Doom Tickler live

How do you find the artists on Castledrum?

RR:Usually someone tells me to check an artist out, mostly online.

You also act as a promoter in London sometimes, either hosting house shows or putting on events in venues: what's the scene in London like right now?

RR: Oh London. To tell you the truth, I've actually disconnected myself from the London scene as of late. London is insecure. I'm not sure if it's the Toronto effect: tower envy. For the most part the scene is pubescent — awkward, unsure of itself, wanting to fit in but not sure how — covered in zits. Talent-wise the scene is very strong and diverse. Artists like You'll Never Get to Heaven, I Smell Blood, Thesis Sahib, New Zebra Kid and EKM all prove that London's talent pool is deep and multi-disciplined, it's just unfortunate that many people miss out on seeing them perform.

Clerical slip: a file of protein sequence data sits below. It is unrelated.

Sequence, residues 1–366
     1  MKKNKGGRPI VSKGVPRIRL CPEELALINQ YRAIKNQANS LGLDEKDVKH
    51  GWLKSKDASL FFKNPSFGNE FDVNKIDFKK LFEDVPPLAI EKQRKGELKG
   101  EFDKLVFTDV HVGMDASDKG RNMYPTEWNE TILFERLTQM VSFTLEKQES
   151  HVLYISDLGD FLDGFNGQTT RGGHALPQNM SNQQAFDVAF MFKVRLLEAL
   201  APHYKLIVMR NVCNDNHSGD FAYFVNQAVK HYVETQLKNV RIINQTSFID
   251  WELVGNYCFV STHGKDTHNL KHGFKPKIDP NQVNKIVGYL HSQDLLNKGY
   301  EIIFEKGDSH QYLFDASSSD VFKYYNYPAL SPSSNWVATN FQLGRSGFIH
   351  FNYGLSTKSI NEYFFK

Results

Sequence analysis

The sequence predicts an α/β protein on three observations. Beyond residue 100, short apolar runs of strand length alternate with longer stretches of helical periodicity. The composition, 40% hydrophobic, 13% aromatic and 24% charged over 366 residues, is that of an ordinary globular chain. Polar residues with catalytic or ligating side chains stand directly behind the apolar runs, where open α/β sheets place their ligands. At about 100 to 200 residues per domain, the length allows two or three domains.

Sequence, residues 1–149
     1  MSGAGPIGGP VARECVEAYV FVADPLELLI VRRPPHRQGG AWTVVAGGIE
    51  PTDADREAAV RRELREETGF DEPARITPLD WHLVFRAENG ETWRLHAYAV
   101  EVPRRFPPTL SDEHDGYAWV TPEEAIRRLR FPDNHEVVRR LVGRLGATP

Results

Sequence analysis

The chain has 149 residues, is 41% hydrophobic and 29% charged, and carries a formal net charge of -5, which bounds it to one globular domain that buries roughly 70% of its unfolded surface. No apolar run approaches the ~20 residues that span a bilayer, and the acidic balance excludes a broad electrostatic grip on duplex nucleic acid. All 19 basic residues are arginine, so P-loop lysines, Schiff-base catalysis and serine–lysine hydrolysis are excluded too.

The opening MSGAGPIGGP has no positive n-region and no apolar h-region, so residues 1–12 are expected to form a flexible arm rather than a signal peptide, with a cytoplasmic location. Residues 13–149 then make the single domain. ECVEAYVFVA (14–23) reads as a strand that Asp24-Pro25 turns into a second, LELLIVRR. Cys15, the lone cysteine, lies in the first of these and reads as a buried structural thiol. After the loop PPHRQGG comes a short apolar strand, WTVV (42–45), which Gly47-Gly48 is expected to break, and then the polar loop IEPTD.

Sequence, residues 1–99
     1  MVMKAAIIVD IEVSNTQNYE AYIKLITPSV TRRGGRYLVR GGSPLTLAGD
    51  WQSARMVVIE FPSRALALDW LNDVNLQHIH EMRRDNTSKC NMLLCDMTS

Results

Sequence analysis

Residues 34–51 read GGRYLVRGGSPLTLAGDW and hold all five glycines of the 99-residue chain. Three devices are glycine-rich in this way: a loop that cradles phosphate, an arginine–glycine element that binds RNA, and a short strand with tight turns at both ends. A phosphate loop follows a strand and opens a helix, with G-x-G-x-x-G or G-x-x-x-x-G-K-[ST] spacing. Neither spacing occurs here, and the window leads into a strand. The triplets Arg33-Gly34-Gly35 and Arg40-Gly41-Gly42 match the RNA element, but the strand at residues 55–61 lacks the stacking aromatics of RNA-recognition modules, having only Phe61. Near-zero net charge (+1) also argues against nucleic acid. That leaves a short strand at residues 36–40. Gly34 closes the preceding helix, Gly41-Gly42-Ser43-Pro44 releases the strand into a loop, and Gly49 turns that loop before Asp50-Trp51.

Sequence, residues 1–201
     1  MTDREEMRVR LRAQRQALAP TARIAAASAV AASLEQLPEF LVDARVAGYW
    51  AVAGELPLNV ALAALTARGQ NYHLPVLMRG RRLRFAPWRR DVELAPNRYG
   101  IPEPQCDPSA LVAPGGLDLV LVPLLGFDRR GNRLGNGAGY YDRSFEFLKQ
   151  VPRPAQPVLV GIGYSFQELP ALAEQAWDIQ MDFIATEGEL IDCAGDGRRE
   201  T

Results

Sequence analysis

Castledrum Records

London is big enough to have great talent but small enough that the scene cliques and interpersonal issues dictate show attendance. My experience has been that many people will not take chances on artists that they have not heard about until media or certain tastemakers give their stamp of approval. This makes it difficult to promote acts in the city.

London has so much potential and the scene is growing. I just hope that we can take some more risks, get over ourselves, and reach the city's full creative potential. That all being said, I myself have been a recluse lately, focusing on my family, the label, and my own musical output.

Can you talk a bit about your own projects, itsagamble! and Flora?